Nowadays anyone can hang out a shingle and call themselves an artist, a writer, or whatever. You can start a blog and post all your work there. You can. That’s not to say that you should.

Then there’s the third criteria which applies primarily to sports people: Getting paid for your work. These days, you can self-publish and maybe sell a book or two. I’m not being snide; obviously some people do exceedingly well by this route. But my question is this: If you write and self-publish a story and sell one copy to your mother are you a professional?

By the same token, if you spend six hours a day, every day, working at your art but never even try to get published, are you an amateur?

Sorry if you’re looking for answers here; I don’t have them. I am just as confused as you are.

Nowadays the line between professional and amateur has blurred. In some places it’s vanished altogether. Time was you wrote short stories and you sent them out. You got rejected. You wrote some more, you still got rejected but you got encouraging notes. Eventually you got your work accepted. Then you started the same process with a novel.

Editors and publishers aren’t oracles. They make mistakes and sometimes reject the wrong things. But this process: try, fail, try harder, fail better, succeed, ensured that we learned our craft.

Now we have writers who have never been rejected. They just post their work on the internet. Some of it is excellent but, let’s be honest, most of it is drek.

At this art show I mentioned, I found myself talking to one of the artists. She said she has been working on writing the same novel for ten years and has written 30,000 words and “a lot of notes.”

Now, as many of you know, I’ve spent years working on my Richard III play, so I get that there are reasons why a work doesn’t come to fruition as quickly as you might wish. But there are dangerous signals that suggest you are an amateur and probably will never be more than that. Do any of these sound familiar:

You have to wait for the muse in order to work.

Rather than work on the book / play / story collection you produce an endless stream of notes. You’ll put them all together “some day.”

You can offer half a dozen good reasons why you haven’t finished your project yet. Ten years is nothing…

You assume successful authors must be lucky. Your lack of success has to do with bad luck rather than bad or misdirected effort.

Your writing or art is low on your priority list. There are other things: children, house, work, the car, the boss, the wife, the dog… You’ll get to it one day.

I’m not judging. I get it. I, too, was an amateur and I know how hard it is to succeed. But success begins with the right mindset. Here are some ways to develop a professional attitude:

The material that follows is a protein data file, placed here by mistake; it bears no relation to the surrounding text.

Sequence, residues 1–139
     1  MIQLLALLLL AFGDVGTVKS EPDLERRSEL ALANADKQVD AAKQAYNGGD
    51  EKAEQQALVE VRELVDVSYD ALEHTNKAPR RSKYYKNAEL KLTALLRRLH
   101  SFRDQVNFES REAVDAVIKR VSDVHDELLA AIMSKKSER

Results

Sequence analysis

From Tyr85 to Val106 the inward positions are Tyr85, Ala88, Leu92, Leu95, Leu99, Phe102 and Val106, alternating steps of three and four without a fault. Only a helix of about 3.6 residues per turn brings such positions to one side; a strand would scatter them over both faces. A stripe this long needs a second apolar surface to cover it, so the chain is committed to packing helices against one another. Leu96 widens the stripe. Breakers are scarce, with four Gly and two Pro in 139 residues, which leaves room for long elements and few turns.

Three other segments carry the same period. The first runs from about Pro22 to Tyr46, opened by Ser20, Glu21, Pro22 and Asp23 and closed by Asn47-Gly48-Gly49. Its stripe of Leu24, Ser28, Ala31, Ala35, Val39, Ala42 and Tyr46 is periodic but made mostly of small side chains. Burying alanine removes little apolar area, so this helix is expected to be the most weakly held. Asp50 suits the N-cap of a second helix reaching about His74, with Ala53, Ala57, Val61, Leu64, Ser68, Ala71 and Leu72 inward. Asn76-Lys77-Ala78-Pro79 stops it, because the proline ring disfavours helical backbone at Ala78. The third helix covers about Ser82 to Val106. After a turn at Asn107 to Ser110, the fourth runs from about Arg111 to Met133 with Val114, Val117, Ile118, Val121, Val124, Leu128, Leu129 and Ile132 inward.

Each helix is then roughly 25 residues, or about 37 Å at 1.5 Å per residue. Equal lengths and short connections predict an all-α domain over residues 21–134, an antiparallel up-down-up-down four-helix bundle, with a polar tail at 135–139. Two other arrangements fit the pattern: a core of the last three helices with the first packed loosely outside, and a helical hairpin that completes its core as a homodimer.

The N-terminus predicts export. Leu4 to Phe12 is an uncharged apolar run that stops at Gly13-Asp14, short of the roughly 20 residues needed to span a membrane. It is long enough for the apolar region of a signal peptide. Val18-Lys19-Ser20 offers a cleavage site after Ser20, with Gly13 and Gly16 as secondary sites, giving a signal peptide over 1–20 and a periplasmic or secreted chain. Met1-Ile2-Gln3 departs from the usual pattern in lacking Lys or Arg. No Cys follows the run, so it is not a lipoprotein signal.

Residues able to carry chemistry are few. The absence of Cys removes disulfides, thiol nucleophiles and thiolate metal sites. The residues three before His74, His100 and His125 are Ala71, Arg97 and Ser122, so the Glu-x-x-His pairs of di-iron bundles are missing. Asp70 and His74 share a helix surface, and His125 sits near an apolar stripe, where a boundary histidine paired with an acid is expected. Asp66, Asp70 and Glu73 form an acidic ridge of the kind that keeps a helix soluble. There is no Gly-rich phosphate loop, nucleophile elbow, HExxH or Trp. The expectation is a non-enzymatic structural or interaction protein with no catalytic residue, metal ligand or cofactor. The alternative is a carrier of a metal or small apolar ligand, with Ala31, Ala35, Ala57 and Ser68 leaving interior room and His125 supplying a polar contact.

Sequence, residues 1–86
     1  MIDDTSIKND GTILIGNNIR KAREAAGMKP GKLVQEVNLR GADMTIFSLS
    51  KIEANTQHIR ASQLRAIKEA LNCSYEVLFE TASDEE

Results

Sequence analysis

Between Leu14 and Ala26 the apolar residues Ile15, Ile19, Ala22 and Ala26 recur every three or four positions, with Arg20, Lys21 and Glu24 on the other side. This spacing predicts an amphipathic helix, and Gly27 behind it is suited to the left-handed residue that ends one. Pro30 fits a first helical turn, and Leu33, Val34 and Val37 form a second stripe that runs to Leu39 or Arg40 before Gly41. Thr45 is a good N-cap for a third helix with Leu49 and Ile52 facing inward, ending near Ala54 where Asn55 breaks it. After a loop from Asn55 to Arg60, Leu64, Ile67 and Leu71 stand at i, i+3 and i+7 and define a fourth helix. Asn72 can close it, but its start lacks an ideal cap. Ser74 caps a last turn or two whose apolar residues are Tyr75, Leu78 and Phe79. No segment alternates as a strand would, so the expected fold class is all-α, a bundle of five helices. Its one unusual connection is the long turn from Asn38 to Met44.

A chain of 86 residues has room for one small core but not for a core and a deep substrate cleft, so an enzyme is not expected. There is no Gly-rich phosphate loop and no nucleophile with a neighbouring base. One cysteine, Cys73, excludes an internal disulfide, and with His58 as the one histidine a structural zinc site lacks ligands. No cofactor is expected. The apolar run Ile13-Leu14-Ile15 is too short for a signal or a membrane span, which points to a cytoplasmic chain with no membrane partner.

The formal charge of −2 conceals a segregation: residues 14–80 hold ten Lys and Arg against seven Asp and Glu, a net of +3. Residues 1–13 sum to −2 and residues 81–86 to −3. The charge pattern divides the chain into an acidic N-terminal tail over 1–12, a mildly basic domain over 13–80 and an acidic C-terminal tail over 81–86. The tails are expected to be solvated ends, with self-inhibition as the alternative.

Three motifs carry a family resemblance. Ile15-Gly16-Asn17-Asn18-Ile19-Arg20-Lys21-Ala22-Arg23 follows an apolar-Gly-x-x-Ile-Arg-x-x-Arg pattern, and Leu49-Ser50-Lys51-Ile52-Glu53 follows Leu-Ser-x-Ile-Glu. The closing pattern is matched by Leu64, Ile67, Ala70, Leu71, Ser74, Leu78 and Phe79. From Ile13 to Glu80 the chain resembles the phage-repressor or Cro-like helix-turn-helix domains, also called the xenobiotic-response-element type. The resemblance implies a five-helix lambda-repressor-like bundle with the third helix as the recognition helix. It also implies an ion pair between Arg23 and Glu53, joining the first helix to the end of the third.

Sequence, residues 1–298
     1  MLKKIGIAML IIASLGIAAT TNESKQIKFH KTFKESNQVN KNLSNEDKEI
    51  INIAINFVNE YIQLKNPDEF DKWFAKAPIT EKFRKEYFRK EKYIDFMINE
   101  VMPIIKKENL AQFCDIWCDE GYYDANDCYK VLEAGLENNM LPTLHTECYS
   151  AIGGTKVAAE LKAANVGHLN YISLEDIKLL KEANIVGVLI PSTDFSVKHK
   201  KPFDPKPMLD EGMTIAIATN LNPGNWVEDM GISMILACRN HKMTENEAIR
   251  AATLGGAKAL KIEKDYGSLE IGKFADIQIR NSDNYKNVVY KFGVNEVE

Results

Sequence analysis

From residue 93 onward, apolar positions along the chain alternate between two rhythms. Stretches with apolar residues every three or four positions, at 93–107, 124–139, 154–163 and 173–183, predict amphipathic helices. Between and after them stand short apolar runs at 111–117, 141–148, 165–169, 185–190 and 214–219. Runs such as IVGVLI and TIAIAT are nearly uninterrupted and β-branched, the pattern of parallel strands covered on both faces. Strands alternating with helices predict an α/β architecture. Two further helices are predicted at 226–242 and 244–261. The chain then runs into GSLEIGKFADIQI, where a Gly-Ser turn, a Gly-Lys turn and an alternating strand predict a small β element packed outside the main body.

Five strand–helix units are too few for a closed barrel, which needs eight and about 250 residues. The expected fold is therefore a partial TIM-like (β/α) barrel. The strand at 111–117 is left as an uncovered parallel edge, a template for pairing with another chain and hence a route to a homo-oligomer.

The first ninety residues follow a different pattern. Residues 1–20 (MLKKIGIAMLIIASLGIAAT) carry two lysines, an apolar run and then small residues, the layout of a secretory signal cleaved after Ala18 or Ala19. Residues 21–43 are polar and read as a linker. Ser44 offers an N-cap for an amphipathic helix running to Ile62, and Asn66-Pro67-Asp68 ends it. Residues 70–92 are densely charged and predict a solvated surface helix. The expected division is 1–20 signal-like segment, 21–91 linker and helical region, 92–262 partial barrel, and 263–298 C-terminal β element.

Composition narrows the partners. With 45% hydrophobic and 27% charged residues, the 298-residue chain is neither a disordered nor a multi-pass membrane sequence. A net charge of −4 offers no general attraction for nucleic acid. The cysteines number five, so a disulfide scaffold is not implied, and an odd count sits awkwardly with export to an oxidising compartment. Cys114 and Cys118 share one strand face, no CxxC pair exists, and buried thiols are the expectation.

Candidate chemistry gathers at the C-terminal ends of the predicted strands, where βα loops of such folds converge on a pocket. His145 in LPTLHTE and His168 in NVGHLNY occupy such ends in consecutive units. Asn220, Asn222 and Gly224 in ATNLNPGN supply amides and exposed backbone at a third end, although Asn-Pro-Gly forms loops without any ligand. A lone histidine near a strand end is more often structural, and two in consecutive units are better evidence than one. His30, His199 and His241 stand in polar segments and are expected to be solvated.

1. Know what your goals are. Write them down. Review them regularly. Change them if you must. Meet them if you can.
2. Share them with others. Be accountable.
3. Commit to them.
4. Break down the components into smaller, more easily achievable goals.
5. Set deadlines.
6. Prioritise your creative work. The universe, your family, your friends, your boss, your dog won’t do it for you.
7. Be honest with yourself: if you can’t commit; if the writing or painting are not priorities then accept you’ll never be more than a talented amateur. There’s no shame in that. Just stop lying to yourself. You’ll be a lot happier if you stop thinking of yourself as a failed novelist rather than a successful insurance salesman or whatever.
8. Make your art your priority and treat it with the same commitment as your paying job.
9. Stop making excuses.

Excuses are the big clue that you’re an amateur and not a professional. See if any of these seem familiar:

1. I don’t have time
2. I’m waiting for my muse.
3. I’m busy with work / kids / house…
4. I’m waiting for my mother to die, my ship to come in, my retirement…
5. Second drafts are for wimps. I am talented and get it right straight away every time.
6. Editors don’t know everything.

There’s nothing wrong with being an amateur so long as you see it as an opportunity to learn and develop your craft. Isn’t your art worth your best effort, after all?

Every artist was first an amateur


About Geri Schear

Geri Schear is an award-winning novelist, author of three Sherlock Holmes and Lady Beatrice books published by MX Publishing. Her short stories have appeared in a number of journals. For further information, see her page at Amazon: